The Leaf’s driving range makes it an affordable EV with everyday usability. The electric motor has great low-end power, and the 40-kWh battery offers 151 miles of EPA-estimated range. DC quick charging can replenish 90 miles of range in 30 minutes, but a full charge from a typical 120-volt wall outlet will take 35 hours. ProPilot Assist adaptive cruise control and camera-based, self-steering lane-keeping assist is optional. A more powerful and pricier version with a longer range arrives in 2019.
There’s no more favorable climate for an electric car than Southern California. The year-round temperatures are right in the happy zone for lithium-ion-battery function, and the winter is so mild that neither range-sapping heat nor A/C is needed for about five months of the year. The political climate is also right, with the state and many of its cities offering additional incentives to buy an EV—atop the federal spur that can return up to $7500 to a buyer’s pockets. From using the carpool lane when driving solo to no-cost meter parking in Santa Monica to free charging when parked at LAX while you’re winging off to somewhere with worse weather, California would really think it was swell if you’d stop driving your fossil-fuel burner. There’s even a bill in front of the State Assembly that, if passed, would require new passenger vehicles in California to be zero-emission by 2040. Oh, and there’s another $1000 to $1500 for you if you get rid of your pollution machine; and how about a $500 rebate to make that home charger more affordable?
The incessant stop-and-go traffic that paralyzes the L.A. basin is also a best-case scenario for an EV such as the new Nissan Leaf. Redesigned for 2018, this Leaf looks nothing like its predecessor, a car that pegged the dorkiness meter deep into French territory.
If the new car looks less like a Renault Mégane and more like the love child of a Nissan Murano and a Chevrolet Bolt, we consider that an improvement, even if the 0.28 drag coefficient—the same as before—means it’s still shaped like a doorstop.
Dinking along in traffic in a school of unwashed Corollas and RAV4s is made more palatable in the Leaf thanks to the near silence of the electric motor, now making 147 horsepower, up from 107. Electric motors solve two small-car problems: a traditional lack of torque and the noise of a strained four-cylinder. Under the hood, where you’d expect an internal-combustion engine to be, is a big metal cube that houses the power-delivery module, the inverter, and the electric motor. Only 67 decibels of motor, wind, and tire noise make it into the cabin at full whack. At 70 mph, a speed briefly attainable in L.A., there’s a luxury-car-grade 65 decibels. Noise problem solved. Yet even with 40 more horsepower, the Leaf’s acceleration is not to be confused with that of a Tesla Model anything. A zero-to-60-mph run takes an adequate 7.4 seconds, but it’s the torque that impresses. A mere tap of the accelerator releases a dry gulch of instant push—236 pound-feet’s worth—that’s good for a quick 2.8-second jump from 30 to 50 mph, enough to flatten your occipital bun into the headrest.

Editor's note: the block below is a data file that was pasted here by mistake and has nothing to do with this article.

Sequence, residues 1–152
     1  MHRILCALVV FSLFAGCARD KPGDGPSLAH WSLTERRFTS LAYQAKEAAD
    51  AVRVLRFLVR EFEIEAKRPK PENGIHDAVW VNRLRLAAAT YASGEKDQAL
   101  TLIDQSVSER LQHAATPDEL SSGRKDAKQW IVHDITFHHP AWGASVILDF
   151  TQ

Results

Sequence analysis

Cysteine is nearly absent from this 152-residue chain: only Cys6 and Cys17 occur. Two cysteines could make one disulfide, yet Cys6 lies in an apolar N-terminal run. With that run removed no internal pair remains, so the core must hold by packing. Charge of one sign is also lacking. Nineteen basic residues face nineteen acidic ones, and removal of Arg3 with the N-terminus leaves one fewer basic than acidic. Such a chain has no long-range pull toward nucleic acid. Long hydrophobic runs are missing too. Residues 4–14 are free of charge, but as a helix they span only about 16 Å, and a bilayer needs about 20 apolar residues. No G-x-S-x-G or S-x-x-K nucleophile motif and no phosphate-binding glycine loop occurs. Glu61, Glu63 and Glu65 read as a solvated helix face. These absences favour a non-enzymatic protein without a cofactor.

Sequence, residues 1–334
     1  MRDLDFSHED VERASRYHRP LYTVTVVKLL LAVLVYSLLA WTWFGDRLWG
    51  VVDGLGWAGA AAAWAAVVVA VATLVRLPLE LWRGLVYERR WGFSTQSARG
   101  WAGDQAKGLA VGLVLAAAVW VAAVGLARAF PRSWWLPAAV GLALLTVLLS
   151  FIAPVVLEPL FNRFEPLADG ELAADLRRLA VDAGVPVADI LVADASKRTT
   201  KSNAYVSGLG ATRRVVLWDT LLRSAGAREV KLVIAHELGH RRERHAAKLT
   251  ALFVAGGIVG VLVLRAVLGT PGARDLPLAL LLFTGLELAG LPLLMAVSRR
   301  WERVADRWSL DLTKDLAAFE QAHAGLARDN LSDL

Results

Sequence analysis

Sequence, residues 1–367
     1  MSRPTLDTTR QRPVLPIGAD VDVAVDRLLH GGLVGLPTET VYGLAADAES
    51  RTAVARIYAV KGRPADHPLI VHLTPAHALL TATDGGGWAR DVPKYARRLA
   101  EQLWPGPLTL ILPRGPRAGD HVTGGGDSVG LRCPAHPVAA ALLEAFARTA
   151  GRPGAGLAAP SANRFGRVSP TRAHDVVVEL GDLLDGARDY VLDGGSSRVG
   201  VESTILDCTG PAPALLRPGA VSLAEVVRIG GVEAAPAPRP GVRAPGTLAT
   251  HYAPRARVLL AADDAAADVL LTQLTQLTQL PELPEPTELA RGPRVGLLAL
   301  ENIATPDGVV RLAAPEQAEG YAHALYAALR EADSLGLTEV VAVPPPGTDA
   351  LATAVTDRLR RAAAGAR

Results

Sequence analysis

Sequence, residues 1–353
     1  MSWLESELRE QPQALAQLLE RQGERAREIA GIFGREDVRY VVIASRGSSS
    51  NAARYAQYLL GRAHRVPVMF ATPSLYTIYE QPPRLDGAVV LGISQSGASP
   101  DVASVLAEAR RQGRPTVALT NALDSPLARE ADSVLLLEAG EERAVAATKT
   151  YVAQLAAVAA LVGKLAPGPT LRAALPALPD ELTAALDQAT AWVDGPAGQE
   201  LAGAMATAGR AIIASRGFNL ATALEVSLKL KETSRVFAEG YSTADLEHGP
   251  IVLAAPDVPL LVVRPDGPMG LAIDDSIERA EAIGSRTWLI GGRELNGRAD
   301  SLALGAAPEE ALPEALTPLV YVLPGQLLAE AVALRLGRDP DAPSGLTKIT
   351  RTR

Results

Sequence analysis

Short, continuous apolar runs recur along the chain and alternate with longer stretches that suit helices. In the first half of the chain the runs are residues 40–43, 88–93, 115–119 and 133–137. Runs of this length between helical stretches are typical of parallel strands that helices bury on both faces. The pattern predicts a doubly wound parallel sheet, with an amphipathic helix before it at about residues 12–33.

Just don’t smash the accelerator too often or the air-cooled, 40.0-kWh lithium-ion battery, 10.0 kilowatt-hours more than before, will start discharging like it’s a dollar-store D-cell. Nissan claims a 150-mile range, and in our estimation, it’s possible to extract that, though you’ll need to be gentle and slow, two things C/D editors are not. We left our desert testing facility with a 98 percent charge and a 151-mile range displayed. Cruising along at 75 mph, we noticed that the range started falling faster than the odometer was climbing. Slowing to 65 mph stabilized the two readings and ensured that we’d easily make it back to L.A. This approach even retained enough juice for the 34-mile run over the San Gabriel Mountains on the squiggly Angeles Forest and Angeles Crest highways.
There’s little incentive to take an EV onto a canyon road, but the Leaf’s platform, an adaptation of its predecessor’s, mounts the battery in the floor. Putting the weight low helps keep the Leaf’s 3494 pounds on an even keel. The Michelin Energy Saver A/S tires were clearly chosen for their low rolling resistance, and they start howling well short of the 0.79 g of available grip, but the Leaf isn’t ever out of sorts. Steering feedback is good and the low-grip chassis is unerringly stable, plus the motor’s torque can launch the Leaf out of corners with ease. Just don’t turn on the ProPilot Assist system (part of the $2200 Technology package on our mid-level Leaf SV) when you’re on a fun road.
The 2018 Nissan Leaf offers outstanding style and technology both inside and out. See interior & exterior photos. 2018 Nissan Leaf New features complemented by a lower starting price and streamlined packages. The mid-size 2018 Nissan Leaf offers a complete lineup with a wide variety of finishes and features, two conventional engines.
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